I would feel better about the price of the school supply kits if 1) the school themselves, or the PTA or parent volunteers were assembling them as a fundraiser for the school or 2) The cost of the kit was similar to what I would spend at the big box store. After all, the big (and not terribly local) school supply kit companies should be buying crayons and pencils by the pallet at a serious discount, so they ought to be less than $2.79 a pack.

Better yet, just hide the cost of the school supplies in the tuition fees (we're only talking $25-40 at the elementary school level--my kids go to a parish school, so I already pay tuition), and quit sending home a list at all. Then the schools can support whatever business they want to with their dollars, choose whatever supplies they prefer, and no kid shows up at school with 10 markers when they should have 8, or, worse, with none.

Tuesday, August 14, 2012

The First Days

I find myself facing the new school year with a bit of relief for the first time in four years. Although my daughter's former school had much to recommend it, there was a certain unrealistically hight level of expectation to which we as parents were held.

The problem may be all in my head (no doubut it was at least partly in my head). But a simple set of rules was never quite enough--the rules were rigidly, strictly enforced. And a simple call for volunteers was never enough. There was constant pressure, reminder emails, surveys, committees that needed help. And nor was a hefty tuition payment sufficient. No, there were as many phone calls and emails and hand-written letters and postcards all asking for donations. The uniforms were policed to the level where there were exactly two specific styles of shoes in the whole school: one for the girls, one for the boys. We were expected to label every pencil, every marker, every crayon in the box of school supplies. And it was rare that a nightly homework assignment came home that did not require an equal amount of active participation from the parent as well the child.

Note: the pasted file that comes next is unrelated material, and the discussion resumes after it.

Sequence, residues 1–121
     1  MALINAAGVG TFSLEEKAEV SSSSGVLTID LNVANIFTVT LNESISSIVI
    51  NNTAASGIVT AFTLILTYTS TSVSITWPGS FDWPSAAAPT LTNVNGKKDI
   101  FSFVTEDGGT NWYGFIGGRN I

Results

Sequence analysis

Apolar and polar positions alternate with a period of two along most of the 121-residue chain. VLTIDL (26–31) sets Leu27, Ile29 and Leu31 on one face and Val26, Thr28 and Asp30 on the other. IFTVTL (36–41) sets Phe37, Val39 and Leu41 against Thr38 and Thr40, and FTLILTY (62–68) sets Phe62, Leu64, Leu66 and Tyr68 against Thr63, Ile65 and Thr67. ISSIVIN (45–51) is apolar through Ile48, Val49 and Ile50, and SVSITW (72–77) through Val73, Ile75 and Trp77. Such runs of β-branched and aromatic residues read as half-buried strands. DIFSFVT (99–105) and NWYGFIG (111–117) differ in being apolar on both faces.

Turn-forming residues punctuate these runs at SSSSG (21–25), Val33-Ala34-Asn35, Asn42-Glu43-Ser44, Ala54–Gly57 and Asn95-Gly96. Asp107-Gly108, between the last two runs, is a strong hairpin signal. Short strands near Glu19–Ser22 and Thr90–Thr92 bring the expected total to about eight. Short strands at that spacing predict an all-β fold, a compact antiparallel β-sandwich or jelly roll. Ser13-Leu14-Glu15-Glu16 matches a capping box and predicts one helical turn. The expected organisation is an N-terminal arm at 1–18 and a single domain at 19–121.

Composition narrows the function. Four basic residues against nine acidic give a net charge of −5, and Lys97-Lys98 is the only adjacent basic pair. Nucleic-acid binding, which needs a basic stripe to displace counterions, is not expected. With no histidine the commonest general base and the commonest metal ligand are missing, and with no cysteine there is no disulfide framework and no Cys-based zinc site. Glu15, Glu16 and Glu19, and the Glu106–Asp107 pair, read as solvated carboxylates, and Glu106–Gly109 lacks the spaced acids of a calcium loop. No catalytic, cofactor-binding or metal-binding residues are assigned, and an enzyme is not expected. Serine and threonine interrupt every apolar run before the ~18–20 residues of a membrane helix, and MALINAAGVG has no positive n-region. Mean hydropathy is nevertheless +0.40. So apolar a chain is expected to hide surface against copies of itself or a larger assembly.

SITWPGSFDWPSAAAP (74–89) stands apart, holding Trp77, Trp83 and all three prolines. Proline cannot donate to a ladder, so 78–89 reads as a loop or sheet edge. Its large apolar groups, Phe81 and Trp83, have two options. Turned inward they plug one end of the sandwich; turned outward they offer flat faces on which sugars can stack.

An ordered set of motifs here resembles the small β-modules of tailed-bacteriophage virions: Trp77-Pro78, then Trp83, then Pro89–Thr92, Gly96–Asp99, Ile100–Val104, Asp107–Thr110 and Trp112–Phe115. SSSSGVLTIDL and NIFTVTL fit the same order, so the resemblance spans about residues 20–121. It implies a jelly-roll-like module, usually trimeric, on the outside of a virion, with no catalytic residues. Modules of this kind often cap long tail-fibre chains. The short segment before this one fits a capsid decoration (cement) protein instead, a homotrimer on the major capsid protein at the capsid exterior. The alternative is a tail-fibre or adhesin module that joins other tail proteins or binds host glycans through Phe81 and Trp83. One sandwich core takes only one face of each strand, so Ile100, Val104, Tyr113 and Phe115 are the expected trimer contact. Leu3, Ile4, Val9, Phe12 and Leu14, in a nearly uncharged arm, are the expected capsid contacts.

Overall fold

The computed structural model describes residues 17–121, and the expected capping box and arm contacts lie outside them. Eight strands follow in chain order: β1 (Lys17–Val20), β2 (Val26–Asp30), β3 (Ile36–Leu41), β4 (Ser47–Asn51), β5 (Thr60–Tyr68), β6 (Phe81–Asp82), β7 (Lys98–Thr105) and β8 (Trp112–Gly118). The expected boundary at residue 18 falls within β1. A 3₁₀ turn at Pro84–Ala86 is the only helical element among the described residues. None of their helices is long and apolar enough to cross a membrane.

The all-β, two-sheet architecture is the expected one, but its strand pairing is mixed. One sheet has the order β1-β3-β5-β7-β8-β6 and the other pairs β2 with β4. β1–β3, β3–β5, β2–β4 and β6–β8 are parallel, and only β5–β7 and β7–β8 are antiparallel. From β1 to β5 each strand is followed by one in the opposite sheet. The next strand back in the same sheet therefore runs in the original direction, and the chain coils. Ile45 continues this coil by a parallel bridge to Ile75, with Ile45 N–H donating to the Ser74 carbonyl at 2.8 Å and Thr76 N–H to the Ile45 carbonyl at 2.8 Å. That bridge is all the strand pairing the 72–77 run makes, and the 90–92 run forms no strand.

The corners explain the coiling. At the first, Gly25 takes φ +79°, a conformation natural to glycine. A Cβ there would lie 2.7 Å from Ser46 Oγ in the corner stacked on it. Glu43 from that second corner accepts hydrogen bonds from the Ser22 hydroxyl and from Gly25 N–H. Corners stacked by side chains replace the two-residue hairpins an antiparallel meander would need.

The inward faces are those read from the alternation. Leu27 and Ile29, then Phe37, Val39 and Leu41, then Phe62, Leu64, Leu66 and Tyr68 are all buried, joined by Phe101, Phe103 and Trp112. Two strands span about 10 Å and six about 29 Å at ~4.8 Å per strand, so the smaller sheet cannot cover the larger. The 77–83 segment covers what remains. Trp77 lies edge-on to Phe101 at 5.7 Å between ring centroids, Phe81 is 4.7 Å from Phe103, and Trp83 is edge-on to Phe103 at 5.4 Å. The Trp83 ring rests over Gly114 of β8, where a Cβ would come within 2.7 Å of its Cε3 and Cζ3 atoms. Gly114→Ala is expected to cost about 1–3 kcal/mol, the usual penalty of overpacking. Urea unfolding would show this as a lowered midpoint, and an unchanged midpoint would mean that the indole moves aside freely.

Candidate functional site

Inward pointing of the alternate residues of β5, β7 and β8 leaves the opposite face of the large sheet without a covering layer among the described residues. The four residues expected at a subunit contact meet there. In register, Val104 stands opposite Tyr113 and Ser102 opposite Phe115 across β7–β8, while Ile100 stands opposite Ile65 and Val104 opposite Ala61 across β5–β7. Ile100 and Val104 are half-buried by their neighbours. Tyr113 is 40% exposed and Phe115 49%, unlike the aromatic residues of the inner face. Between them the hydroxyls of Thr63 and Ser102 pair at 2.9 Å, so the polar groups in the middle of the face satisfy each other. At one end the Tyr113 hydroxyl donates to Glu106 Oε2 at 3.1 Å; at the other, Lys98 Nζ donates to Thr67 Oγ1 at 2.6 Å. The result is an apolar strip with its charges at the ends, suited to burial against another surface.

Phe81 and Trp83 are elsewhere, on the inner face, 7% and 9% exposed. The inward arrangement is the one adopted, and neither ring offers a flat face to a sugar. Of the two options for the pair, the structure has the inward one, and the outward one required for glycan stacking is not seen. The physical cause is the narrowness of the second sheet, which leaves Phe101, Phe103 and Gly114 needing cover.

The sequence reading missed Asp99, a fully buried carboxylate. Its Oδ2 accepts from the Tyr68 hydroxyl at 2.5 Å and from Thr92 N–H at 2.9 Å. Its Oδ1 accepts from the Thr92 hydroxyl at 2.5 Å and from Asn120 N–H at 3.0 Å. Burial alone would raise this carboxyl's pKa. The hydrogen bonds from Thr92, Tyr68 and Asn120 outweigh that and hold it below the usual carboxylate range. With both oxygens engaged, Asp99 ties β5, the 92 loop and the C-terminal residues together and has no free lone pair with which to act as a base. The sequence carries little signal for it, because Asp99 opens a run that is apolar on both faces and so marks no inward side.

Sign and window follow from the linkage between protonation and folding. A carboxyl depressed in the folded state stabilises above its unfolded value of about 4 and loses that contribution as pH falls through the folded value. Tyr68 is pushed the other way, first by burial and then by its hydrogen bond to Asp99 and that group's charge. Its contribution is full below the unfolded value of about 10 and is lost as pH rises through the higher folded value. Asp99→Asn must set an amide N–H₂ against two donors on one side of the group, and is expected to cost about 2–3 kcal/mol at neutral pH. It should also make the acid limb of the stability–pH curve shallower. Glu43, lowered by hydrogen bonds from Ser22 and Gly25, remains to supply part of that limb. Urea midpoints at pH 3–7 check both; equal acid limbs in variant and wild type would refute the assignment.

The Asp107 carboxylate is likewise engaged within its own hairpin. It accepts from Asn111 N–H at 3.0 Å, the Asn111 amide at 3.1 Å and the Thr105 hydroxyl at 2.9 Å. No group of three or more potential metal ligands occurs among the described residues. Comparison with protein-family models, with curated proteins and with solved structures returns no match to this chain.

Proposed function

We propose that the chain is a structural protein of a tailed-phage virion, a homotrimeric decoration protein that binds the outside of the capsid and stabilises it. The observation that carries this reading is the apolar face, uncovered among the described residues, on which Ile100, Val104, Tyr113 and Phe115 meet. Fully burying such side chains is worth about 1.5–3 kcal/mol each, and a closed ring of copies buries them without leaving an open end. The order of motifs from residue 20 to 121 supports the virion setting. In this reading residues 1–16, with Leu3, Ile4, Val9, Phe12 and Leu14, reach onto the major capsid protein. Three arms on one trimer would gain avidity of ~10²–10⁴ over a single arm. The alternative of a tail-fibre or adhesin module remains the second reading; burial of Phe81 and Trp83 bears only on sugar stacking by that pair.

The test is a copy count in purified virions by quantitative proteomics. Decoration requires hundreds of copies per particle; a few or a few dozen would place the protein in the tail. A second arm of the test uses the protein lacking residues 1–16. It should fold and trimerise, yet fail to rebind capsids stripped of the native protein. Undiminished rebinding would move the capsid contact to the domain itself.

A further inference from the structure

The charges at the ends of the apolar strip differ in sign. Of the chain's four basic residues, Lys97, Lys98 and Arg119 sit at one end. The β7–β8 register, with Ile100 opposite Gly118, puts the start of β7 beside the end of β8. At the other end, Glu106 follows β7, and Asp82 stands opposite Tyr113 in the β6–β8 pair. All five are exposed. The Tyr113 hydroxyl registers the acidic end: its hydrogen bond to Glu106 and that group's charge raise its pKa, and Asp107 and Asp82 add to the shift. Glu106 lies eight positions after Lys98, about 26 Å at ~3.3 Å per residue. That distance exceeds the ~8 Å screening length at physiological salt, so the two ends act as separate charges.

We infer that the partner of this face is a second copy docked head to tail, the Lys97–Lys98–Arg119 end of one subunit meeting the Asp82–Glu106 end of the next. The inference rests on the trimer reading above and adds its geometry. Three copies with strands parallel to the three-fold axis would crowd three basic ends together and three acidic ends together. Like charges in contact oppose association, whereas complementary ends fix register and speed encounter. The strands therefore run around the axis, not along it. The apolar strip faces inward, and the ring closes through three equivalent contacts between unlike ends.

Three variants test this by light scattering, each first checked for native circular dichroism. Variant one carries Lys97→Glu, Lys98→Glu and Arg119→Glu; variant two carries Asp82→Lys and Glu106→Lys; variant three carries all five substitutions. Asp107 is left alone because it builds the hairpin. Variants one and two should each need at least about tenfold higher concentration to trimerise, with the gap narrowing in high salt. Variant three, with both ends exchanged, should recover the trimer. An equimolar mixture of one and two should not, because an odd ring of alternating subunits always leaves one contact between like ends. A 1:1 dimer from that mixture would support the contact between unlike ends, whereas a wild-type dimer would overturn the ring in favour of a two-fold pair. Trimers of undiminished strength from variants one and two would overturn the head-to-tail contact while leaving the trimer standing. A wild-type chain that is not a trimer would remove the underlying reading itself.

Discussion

It was a lot of work. The school prides itself on the level of achievement of its pupils. No doubt. Any kid with the sheer amount of resources and energy behind them cannot help but succeed. (At least until they are set free and required to achieve their own goals using only their own energy and resources).

I don't expect parenthood to be easy. And I don't expect our new school to be lax where they need to be strict. They still have uniforms, they still need volunteers, there will still be hopeful requests for donations (though so far I have seen more information on applying for scholarships than on demands to fund them). There will still be homework that will still require our help.

But I hope there will also be some breathing room. Some expectation that we as parents have multiple responsibilities, and those responsibilities are not all focused on our children. We have jobs and other commitments too. Our money only goes so far. Our label makers only print so fast. And our children need to learn to keep track of their crayons without relying on a nametag. And to be able to choose from an appropriate set of choices when getting dressed in the morning, instead of always donning the one prescribed option.

Tuesday, July 24, 2012

Rain, Rain...come again another day

It is so dry here lately that two of my neighbors recently commented that they spent more on their water bills last month than their electric bills. That is impressive given the sheer number of 100+ degree days and the fact that AC aint cheap in that kind of weather.

We haven't crossed that line, as evidenced by the color of our lawn. Or what is left of our lawn. We have an inground sprinkler system, but large swaths of our grass are still dying because we water for only 15 minutes every other day (an excessive amount, in my opinion...if I have to have grass I would prefer it stay nice with maybe one sprinkling a week...stop laughing...)